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I wondered why I had volunteered. Too many things to do. And I hate the cold. It gets into my bones until nothing can make me feel warm again.

I had offered to be a bell ringer for the Salvation Army’s Christmas drive. I bundled up and trekked to my station at the local grocery store. I donned the blue apron and picked up the emblem of my assignment, a small golden bell.

Then one by one the people came up to the little red bucket to drop in their offering. Sometimes people felt like talking. Other times, they nodded and left. Still others dropped their gift and scurried off to complete the sundry other tasks the season required of them.

“I brought you here to teach you something,” the Spirit said to my heart.

“Not to be so quick to volunteer?”

“No. I want you to study these people. Examine the way they give.”

And, I did. To my amazement, I learned the reasons for giving are as varied as the people who donate. Then I began to see similarities in people’s motivation. And, I wondered where my heart would fit among theirs.

The first lady gave from her sorrow. This was her first Christmas without her mother. Her father had passed away only a year before. Eyes brimming with tears, she pushed twenty dollars into the bucket. “My mother was a bell ringer,” she said. “Thank you for doing this.” Then she rushed off, uncomfortable with her emotions. He is despised and rejected of men; a man of sorrows, and acquainted with grief: and we hid as it were our faces from him; he was despised, and we esteemed him not (Isaiah 53:3 KJV).

The next person gave from his abundance. His leather jacket and bulging wallet told all. He plopped a ten-dollar bill into the bucket, pleased with his generosity. He straightened his shoulders, proud of his offering, then left.  For unto whomsoever much is given, of him shall be much required: and to whom men have committed much, of him they will ask the more (Luke 12:48b KJV).

An elderly woman approached. Her threadbare coat and raveled scarf told of her station in life. Her cart also bore testament to her poverty. She stopped before the red canister, pulled out a thin and worn wallet from her purse, then dropped in her last two coins. “Maybe this will bring me good fortune,” she said. She gave from her need, as if investing into generosity would bring better days. But my God shall supply all your need according to his riches in glory by Christ Jesus (Philippians 4:19 KJV).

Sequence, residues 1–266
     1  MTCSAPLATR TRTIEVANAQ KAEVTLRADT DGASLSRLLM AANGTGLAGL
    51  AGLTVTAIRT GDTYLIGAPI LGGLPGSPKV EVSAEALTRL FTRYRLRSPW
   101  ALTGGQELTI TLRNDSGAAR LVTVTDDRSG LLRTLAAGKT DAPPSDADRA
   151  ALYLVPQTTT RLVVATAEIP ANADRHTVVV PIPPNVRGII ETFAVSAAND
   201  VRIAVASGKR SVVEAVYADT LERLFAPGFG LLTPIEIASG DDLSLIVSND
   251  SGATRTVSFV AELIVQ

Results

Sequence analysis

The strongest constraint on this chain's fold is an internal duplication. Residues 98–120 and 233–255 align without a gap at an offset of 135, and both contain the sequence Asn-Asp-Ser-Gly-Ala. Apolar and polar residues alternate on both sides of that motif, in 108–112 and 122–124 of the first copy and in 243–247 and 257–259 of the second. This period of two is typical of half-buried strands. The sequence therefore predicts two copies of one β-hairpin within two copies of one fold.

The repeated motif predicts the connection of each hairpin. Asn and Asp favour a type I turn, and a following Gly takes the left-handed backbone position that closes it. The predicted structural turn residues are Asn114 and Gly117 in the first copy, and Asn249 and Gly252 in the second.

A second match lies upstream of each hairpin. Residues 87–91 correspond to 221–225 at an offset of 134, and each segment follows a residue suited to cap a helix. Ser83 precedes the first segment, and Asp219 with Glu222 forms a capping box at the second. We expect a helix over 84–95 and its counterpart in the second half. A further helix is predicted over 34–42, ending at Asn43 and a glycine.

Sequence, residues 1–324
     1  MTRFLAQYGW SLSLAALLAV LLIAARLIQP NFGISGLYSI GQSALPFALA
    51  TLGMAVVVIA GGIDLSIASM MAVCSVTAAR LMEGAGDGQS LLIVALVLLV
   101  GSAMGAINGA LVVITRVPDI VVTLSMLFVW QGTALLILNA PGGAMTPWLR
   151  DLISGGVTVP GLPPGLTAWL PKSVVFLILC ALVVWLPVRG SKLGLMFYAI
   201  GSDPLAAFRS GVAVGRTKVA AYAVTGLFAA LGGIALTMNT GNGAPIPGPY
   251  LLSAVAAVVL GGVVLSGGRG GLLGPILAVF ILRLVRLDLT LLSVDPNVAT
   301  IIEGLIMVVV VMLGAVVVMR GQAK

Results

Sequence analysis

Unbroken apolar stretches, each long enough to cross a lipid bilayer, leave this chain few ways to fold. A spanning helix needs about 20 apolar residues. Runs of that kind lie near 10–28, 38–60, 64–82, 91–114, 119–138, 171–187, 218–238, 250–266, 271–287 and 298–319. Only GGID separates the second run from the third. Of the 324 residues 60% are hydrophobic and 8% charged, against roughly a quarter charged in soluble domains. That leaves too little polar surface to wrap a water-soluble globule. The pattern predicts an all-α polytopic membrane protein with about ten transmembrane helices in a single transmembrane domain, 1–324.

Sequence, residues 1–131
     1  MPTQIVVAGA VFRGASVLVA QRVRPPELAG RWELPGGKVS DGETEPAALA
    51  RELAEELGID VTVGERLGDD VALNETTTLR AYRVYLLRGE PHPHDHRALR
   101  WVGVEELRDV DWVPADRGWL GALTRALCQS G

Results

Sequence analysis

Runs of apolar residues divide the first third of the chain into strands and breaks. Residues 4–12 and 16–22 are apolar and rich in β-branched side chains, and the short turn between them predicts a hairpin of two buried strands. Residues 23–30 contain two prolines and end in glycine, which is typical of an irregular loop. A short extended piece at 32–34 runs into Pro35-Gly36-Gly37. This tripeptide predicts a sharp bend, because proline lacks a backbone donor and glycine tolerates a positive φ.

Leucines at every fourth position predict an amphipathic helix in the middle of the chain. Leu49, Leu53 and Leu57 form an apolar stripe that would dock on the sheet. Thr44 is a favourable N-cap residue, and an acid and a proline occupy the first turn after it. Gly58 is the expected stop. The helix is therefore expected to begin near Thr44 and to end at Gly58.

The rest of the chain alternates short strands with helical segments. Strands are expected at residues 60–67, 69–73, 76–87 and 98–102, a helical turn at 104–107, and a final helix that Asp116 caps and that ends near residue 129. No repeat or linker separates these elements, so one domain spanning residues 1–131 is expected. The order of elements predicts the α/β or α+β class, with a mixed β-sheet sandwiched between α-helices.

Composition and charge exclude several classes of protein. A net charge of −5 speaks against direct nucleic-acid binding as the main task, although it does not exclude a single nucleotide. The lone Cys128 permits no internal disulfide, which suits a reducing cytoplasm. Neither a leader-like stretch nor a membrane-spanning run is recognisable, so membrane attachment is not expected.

Another elderly woman stopped by the kettle. Her head drooped from her heavy burden. She shrugged her shoulders then reached into her purse for an assortment of change. “I don’t feel right if I pass by one of these drums and give nothing.” She trotted off, head slightly higher. Her giving well was a fountain of guilt.  For I acknowledge my transgressions: and my sin is ever before me (Psalm 51:3 KJV).

Lastly, a young man eagerly approached the drum, much akin to Tigger’s happy bounce, and tossed his coins with a whistle. “I love this!” he said as he sailed out the door. “God’s been good to me. This is one way I can say, ‘Thank you.’” The young man gave from gratitude. Every man according as he purposeth in his heart, so let him give; not grudgingly, or of necessity: for God loveth a cheerful giver (2 Corinthians 9:7 KJV).

Then I knew what the Spirit wanted me to learn: Give because God first gave to us … our offering should come from a grateful heart.

Fifteenth Article Front Cover

In a post-apocalyptic era, factions compete for control of a global government gone amuck. The President Elect of United Earth, fearful of separatist movements, desires to add a Fifteenth Amendment to the Constitutional Government’s Articles of Constitution that would make defection, past and present a crime punishable by death without benefit of trial. As the cry for freedom crescendos, Ahmed Fared, Rowland’s Second-elect, fears a civil war—one that would usher in a third dark age and calls upon the God of the Ages to once more intervene in the affairs of men.

LINDA WOOD RONDEAU A history enthusiast, award winning author, LINDA WOOD RONDEAU writes stories which demonstrate God’s presence in our yesterdays as well as our todays and tomorrows. A veteran social worker, Rondeau now resides in Hagerstown, Maryland. When not writing, she enjoys playing golf, hiking, and visiting historical sites. Readers may visit her website at www.lindarondeau.com. Contact the author on Facebook, Twitter, Pinterest, Google Plus and Goodreads. 

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